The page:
When on November 2, 2006 the US company Garmin – maker of GPS consumer products – and their direct competitor, the successful Dutch company TomTom, received its favorable judgment
against TomTom in an IP matter, the District Court The Hague also awarded Garmin with a unprecedented judgment in court fees: €37,000 (US$ 47,000), to be paid by TomTom.
With regard costs, IP litigation used to be almost “risk free” in Europe and especially Netherlands, as the court costs, awarded to the winning party was nominal, in comparison to the actual attorney fees and other trial expenses. Although still small in comparison to US litigation, a litigant in The Netherlands can ask the court to be awarded with the full legal costs incurred. How did that happen and what is there in stock for the future?
The renewed interest in litigation costs originates from the TRIPS Agreement on the Enforcement of IP rights, art. 45 par. 2:
“The judicial authorities shall also have the authority to order the
infringer to pay the right holder expenses, which may include appropriate
attorney’s fees. In appropriate cases, Members may authorize the judicial
authorities to order recovery of profits and/or payment of pre-established
damages even where the infringer did not knowingly, or with reasonable grounds
to know, engage in infringing activity.”
As a result, in April 2004 the EU Directive 2004/48/EC
(“on Measures and Procedures to Ensure the Enforcement of Intellectual Property Rights
”), was adopted. The Directive regulates the measures, procedures and remedies which can be ordered by the competent judicial authorities in case of an IP infringement at the request of an entitled party, among which costs for litigation to be paid by the losing party. (Additionally, it aims to implement further instruments to enforce IP rights, which have been identified as ‘best practice’ measures in some Member States, which is not the subject this post). The Member States were due to implement the Directive in their national legislations by Spring 2006 at the latest (art. 20 (1). The Directive is still not implemented in all countries (see Overview implementation
per October 2006).
Article 14 of the Directive directs the member states to harmonize their legislation on the payment of court costs (attorney fees and other expenses incurred by the successful party). These differ quite substantially (see Bruno Vermeulen in Journal of Intellectual Property Law & Practice, Vol. 1, No. 1).
In Italy, for instance, although the law states that the losing party should pay the costs of the litigation, the courts are reluctant to award payment of the entire sum. Moreover, when the subject matter of the litigation is particularly complex or when the claimant is only partially successful, the Italian court can divide the costs between the parties.
In contrast, the English courts are more inclined to award litigation costs at the expense of the losing party, or they may award costs against a party who has unnecessarily incurred expense by raising futile arguments or causing unnecessary procedures, even if that party wins.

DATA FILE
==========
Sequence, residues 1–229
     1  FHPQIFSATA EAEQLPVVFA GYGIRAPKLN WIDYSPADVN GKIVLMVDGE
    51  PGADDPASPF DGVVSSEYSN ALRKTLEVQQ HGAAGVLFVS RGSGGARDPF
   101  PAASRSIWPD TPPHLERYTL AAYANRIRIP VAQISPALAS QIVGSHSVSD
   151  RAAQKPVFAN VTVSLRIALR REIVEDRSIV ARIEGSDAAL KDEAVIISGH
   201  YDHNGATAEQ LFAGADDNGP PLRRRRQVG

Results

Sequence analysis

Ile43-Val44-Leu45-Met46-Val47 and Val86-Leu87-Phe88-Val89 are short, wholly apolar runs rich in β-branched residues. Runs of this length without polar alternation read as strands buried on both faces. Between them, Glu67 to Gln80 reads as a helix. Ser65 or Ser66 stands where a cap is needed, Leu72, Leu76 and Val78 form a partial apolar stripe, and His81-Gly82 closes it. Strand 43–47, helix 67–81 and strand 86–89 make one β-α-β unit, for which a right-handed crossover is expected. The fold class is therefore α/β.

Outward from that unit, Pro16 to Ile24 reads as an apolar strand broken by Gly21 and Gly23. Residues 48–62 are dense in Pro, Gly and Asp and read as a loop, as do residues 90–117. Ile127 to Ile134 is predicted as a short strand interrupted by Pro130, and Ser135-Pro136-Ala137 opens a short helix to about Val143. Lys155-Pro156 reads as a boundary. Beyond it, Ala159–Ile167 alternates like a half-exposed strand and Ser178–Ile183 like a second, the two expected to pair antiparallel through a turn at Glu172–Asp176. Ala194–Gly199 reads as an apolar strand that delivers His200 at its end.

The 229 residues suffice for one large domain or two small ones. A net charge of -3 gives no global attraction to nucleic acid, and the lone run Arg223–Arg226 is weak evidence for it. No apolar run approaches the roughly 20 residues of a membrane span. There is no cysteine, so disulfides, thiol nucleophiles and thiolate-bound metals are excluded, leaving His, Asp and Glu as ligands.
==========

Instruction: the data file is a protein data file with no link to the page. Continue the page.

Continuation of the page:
In Germany, costs must be borne by the losing party, but they are strictly calculated according to formal rules, resulting in the so called “Streitwert” of the proceedings.
In Belgium, the Supreme Court allowed the recovery of attorneys’ fees, but it is still unclear how this will be implemented further.
In the Netherlands
fixed compensation for administrative costs based on the number of court actions is common in Dutch civil proceedings. In practice, it boiled down to a situation where litigants had to bear their own legal costs.
A change in the way court costs are being attributed is especially helpful for patent owners in smaller jurisdictions like the Benelux where damage awards are usually very low (small market), but where the costs for successful enforcement of a patent may not necessarily be lower than in other, bigger, countries. As a result of the Directive the Netherlands proposed to change its law of civil procedure on court costs as well as other changes proposed under the Directive. Dutch courts are now applying – under art 237 Law on Civil Procedure – the Directive (“horizontal direct effect”) to allow full compensation of court costs in IP matters, rather than a “token” award of costs, as was previously the case. The debate is still going on in Holland how to calculate the actual costs and how to use this in a fair and equitable manner by the courts. In patent litigation the attorney fees are usually far higher than in “soft” IP matters. There are voices that recommend to introduce a similar system as in Germany, court costs are there based on the “value” of the case, or “Streitwert“. Soon we may therefor see even larger court costs rewards in Netherlands than the one in Garwin vs. TomTom (which was a design law issue, not a patent infringement case).
As per November 2006 not all EU member states have implemented the Directive in their national legislation. For a full overview on the Enforcement Directive and the way it has been implemented in various EU countries, click here